My editor, Bill Hammond, posted this on FaceBook: “I am reading Pat Conroy’s, MY READING LIFE and when I am through, I will read it again.”
A better recommendation, I’ve never received. I immediately checked Sarasota’s library catalog and it was indeed there, and in Large Print. If you can read it in Large Print, do so, the better to indulge Mr. Conroy’s large, voluptuous vocabulary.
I found a comfortable seat in the lounge with the regular newspaper-readers and decided to read a few pages. The first time I looked up from the book was on page one of Chapter Three, The Teacher. I had already learned that Mr. Conroy hated his Marine father, and with good reason as he had been regularly and viciously beaten from a young age. He says of his father, “Among his fellow marines, Donald Conroy’s horrible taste proved unerring, and he attracted a string of odd-ball friends who should’ve been eligible for any catch-and-release program. For the most part, they were third-rate men who spread rich marmalades of loathing over their own wives and children.”
Well, that did it! “rich marmalades of loathing”. The words were so luscious, so perfect! It put me on the floor. I snapped the book shut, quickly checked it out, stopped at Culver’s Butterburger for a take-home lunch and continued reading, stopping only for a quick dinner. I continued reading until I turned off the light at bedtime. The next day I only managed one or two hours of reading time but finished the last page in bed at 12:10 am.
While it is Pat Conroy’s intent to tell us of his reading life, his reading pleasures and favorites, which he does on every page, it is a beautifully written memoir. And if you ever copied a list of “Books Everyone Should Read Before They Die”, throw it out and make a new one from the Bold Print titles that appear on every other page. It’s all you will need for the rest of your life.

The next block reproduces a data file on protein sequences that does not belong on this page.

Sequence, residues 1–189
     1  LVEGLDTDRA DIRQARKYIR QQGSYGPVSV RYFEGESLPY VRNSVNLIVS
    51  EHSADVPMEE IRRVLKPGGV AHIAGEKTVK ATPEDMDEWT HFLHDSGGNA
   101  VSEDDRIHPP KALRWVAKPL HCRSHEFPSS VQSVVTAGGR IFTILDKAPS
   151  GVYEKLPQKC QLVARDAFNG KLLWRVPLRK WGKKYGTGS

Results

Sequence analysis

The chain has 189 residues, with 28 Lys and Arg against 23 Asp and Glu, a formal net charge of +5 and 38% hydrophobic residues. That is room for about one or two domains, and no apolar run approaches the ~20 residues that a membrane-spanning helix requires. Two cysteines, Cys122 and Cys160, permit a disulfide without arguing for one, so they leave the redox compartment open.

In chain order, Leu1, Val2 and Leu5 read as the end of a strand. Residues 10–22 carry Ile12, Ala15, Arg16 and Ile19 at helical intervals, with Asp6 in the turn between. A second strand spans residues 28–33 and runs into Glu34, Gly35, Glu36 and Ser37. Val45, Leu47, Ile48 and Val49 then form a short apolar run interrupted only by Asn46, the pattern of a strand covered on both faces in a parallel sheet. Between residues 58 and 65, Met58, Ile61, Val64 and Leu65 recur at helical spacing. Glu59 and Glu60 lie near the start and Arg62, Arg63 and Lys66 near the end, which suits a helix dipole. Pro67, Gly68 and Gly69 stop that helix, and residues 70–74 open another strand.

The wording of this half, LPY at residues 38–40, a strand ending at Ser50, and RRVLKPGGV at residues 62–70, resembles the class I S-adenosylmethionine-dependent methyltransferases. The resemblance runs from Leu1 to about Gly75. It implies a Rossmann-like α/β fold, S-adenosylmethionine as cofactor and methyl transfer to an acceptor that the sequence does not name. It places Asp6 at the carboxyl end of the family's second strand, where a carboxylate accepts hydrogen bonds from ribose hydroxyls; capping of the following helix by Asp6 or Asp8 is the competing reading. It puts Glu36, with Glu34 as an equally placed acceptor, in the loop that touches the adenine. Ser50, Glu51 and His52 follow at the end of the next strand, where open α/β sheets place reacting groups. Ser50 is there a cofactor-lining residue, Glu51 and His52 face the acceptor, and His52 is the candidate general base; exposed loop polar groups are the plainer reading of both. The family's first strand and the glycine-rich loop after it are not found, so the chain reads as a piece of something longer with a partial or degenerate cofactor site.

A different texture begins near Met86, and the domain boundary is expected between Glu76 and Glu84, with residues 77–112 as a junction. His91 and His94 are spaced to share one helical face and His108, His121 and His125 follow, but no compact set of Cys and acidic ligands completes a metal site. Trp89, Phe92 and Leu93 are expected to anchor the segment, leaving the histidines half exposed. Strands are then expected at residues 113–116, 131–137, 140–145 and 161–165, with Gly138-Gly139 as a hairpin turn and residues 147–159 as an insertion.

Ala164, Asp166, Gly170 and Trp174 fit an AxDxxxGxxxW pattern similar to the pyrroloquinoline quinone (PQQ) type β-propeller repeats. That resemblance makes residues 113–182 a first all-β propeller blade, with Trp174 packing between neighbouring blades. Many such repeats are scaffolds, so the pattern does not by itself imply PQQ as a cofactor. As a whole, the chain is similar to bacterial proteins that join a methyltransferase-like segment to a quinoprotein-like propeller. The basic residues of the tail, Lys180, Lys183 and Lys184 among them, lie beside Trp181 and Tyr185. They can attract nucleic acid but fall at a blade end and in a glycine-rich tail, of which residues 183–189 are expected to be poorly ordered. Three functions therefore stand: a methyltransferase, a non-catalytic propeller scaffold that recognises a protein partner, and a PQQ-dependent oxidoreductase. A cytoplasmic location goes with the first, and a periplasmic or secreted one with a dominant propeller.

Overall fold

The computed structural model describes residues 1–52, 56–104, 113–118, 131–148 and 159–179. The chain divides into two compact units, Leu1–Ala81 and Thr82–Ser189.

His personal library is in the thousands and he has read each of them, some as often as three times. WAR AND PEACE he read the first time in his teens. The second time he was in his 30’s and had made his living writing novels for a good ten years. But he wanted to seek a deeper mastery of his craft and so he took thorough notes, made charts of battles, wrote down family trees and tried to plunder the riches of Tolstoy’s art. He read accounts of Napoleon’s life and the court life of the Russian aristocracy at the time of the French invasion and studied biographies of Tolstoy. He goes on to dissect the characters so well-defined by Tolstoy and though he had first fallen in love with Natasha Rostova as a teenaged boy he says I “let it happen again after my third reading of this inexhaustible novel at the age of sixty-one.
Many writers of far better ability than I become stymied in this next area of writing. Too much show and not enough tell? Or is it too much tell and not enough show? Invariably I get it wrong, but it seems Leo Tolstoy never struggled with this phenomenon. Mr. Conroy himself, waxes poetically about him.